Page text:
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Man Wrongly Named As Suspect In 2016 Dallas Ambush Sues City, Police Department

Eric Gay
Mark Hughes, left, is joined by his brother Cory Hughes during an interview, July 9, 2016, in Dallas, Texas. Mark Hughes was mistaken early as a suspect by the Dallas Police Department after five police officers were killed.

A man Dallas police wrongly identified as a suspect in the July 2016 shooting that left five officers dead is suing the city of Dallas and the police department.

The federal lawsuit filed Monday alleges Mark Hughes and his brother, Cory, were detained without reasonable suspicion or probable cause — and that they were interrogated "without proper Miranda warnings," the Associated Press reports. The brothers were detained following the July 7, 2016, shooting downtown that killed four Dallas police officers and one DART officer.

The real suspect was later identified as army veteran Micah Johnson, who authorities killed using a robot-delivered bomb in a standoff at El Centro College early the next morning.

However, before identifying Johnson, Dallas police on social media posted a photo of Mark Hughes holding his rifle, saying he was a suspect in the shooting and asking for the public’s help in finding him.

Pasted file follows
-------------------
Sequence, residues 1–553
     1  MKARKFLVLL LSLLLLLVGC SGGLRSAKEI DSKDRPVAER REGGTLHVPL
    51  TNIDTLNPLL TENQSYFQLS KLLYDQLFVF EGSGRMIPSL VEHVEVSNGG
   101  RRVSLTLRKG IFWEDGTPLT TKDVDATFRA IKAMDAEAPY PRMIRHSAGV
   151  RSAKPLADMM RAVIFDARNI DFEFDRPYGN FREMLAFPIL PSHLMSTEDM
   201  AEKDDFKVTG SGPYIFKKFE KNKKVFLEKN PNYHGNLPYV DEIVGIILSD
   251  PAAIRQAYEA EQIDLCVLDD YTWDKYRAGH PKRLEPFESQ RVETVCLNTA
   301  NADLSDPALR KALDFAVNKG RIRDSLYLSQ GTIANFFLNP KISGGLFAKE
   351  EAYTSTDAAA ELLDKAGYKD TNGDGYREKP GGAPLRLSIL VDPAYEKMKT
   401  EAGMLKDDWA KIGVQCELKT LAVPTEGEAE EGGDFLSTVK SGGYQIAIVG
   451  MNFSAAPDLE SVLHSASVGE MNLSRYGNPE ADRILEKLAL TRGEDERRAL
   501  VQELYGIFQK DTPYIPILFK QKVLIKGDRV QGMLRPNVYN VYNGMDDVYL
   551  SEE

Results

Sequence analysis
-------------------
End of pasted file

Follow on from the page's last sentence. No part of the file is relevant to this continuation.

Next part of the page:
Hughes was carrying the rifle during the peaceful rally downtown that preceded the shooting, according to the lawsuit, and had presented the firearm to a nearby officer before joining the protesters.

He turned his rifle over to an officer after the shooting began, according to the lawsuit, but later learned police named him as a suspect and immediately surrendered to officers. Cory Hughes was detained after hearing about his brother's arrest, according to the lawsuit.

The lawsuit claims the brothers were "wrongfully detained," and there was "significant evidence" they were not involved in the shooting. Both were released after passing forensic testing and denying any involvement, according to the lawsuit.

A Dallas police spokesman told the AP that the city and department do not comment on pending litigation.

Hughes lawsuit by KERANews on Scribd